Initial public offering
I was so glad I bought the stock right at the IPO since it's performed so well over the years.
Yeah, that worked really well for you.
|HFT||High frequency trader|
|OPM||Other people's money|
|ISO||Incentive stock option|
|Bagholder||A person who fails to sell a stock before it crashes|
|NYSE||New York Stock Exchange|
|Paper hands||To sell a stock at the first sign of trouble|
|Meme stock||A stock hyped on social media|
|ADAD||Another day another dollar|
|FAANG||Facebook, Amazon, Apple, Netflix, Google|
An IPO is the initial point that a private company offers shares to the public in a new stock issuance. It is a common term you will hear or see in business in person, on TV, and online that represents a company's transition from private to public.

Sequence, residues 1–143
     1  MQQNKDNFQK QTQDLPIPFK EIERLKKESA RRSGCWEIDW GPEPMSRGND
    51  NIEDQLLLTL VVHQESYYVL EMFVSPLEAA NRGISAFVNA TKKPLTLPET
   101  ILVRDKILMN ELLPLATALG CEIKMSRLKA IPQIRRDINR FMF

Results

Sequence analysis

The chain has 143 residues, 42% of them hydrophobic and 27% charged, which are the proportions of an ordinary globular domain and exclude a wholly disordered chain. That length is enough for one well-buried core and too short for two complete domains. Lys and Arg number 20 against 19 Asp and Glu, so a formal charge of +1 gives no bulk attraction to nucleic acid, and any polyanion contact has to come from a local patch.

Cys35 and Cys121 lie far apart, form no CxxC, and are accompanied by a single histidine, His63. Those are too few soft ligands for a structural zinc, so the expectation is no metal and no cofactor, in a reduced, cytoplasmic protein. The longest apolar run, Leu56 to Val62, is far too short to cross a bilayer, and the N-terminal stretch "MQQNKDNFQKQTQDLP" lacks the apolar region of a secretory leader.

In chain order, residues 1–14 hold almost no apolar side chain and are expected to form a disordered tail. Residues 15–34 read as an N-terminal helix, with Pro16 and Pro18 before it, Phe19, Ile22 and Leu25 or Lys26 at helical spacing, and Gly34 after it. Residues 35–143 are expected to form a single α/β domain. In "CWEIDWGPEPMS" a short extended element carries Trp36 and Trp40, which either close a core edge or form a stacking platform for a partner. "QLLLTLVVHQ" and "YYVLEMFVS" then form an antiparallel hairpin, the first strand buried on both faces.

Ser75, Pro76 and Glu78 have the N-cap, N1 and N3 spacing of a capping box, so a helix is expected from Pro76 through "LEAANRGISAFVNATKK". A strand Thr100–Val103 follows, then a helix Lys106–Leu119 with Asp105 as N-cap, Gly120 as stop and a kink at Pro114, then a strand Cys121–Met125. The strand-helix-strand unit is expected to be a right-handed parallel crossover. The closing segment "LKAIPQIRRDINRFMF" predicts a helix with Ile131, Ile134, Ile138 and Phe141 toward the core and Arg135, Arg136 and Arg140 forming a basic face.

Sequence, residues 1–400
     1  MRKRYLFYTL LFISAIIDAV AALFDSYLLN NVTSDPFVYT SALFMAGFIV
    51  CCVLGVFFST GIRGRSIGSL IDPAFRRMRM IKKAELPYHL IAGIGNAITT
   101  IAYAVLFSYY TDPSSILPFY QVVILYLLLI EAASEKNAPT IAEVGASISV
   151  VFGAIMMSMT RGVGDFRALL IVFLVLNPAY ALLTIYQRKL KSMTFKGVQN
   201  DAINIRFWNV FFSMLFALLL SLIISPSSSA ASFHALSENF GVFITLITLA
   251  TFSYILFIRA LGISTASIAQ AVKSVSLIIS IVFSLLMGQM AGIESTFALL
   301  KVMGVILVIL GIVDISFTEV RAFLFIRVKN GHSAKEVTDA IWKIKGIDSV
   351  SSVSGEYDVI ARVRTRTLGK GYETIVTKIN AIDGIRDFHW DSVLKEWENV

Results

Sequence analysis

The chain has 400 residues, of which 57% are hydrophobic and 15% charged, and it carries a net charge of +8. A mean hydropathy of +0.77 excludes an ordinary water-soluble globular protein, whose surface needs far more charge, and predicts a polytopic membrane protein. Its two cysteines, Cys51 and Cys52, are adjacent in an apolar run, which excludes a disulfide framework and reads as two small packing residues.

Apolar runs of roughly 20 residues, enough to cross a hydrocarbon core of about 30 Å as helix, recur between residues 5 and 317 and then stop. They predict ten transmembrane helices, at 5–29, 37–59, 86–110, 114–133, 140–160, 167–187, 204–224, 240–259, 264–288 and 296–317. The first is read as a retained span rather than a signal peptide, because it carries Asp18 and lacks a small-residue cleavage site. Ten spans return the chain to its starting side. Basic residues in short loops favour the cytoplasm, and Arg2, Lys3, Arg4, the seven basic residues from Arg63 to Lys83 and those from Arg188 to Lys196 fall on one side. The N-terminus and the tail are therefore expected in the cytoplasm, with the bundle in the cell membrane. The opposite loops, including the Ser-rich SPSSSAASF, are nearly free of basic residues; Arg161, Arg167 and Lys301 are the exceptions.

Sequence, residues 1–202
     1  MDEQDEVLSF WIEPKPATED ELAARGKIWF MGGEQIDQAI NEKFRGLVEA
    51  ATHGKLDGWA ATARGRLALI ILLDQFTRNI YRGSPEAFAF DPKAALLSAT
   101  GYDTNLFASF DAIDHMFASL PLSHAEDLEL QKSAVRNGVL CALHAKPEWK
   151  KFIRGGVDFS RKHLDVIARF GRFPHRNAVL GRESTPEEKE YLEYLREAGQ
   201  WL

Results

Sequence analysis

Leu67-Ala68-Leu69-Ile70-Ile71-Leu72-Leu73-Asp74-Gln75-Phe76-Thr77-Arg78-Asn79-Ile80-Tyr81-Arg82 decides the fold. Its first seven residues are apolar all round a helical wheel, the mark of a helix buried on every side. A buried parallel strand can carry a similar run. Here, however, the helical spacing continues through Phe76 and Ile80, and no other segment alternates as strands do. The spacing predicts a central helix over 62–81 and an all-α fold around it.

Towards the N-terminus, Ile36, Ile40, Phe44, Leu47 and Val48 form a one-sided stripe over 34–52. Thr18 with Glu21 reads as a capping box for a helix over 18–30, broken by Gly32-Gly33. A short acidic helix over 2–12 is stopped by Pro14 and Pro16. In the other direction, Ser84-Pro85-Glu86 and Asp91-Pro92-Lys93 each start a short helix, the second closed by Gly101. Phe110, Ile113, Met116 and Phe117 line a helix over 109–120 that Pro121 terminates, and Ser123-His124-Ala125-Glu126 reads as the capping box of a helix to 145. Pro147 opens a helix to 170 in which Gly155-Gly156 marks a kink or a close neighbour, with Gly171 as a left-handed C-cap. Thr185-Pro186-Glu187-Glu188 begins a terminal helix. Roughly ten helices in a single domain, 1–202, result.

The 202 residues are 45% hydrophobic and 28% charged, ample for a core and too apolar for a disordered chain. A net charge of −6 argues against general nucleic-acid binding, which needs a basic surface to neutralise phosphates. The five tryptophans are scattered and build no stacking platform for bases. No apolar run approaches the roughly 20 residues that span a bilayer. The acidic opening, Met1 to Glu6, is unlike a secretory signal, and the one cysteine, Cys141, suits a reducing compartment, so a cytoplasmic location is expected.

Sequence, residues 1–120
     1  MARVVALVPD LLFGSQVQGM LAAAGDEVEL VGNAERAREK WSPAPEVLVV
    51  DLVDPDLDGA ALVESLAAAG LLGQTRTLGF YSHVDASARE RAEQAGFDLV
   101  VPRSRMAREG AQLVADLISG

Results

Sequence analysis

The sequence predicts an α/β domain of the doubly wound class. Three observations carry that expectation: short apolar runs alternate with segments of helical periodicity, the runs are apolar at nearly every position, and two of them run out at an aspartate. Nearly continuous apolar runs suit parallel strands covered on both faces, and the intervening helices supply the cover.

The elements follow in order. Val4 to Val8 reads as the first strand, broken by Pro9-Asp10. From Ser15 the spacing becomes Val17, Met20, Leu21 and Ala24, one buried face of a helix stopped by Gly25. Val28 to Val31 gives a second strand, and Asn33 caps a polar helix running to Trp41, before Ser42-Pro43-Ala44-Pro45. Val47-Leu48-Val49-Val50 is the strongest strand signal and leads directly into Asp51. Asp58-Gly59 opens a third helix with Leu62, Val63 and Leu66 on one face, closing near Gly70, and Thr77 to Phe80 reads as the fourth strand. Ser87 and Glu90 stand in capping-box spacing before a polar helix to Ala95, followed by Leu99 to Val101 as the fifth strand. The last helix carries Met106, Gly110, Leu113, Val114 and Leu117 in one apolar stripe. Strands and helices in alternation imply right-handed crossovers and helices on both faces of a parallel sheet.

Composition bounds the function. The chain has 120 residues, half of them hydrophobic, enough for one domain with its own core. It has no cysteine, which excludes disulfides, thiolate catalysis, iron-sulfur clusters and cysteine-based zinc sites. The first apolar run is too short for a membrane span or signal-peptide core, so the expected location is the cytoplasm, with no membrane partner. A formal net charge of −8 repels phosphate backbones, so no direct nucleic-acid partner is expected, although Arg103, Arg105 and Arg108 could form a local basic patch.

IPO is a momentous occasion for the company founders, private investors, and the public on the primary stock market. It allows the company to raise a lot of funds as the public on the market buys into the company. It can also be a point that the founders and early investors "cash out" if they want to exit from their investment.
Most IPOs occur when a company's valuation reaches $1 billion (USD). They can then choose to go forward with an IPO, but they must go through several arduous processes, including hiring investment banks to verify the potential of the company, set share prices, and choose the IPO date. The company must also meet requirements enforced by the Securities and Exchange Commission (SEC).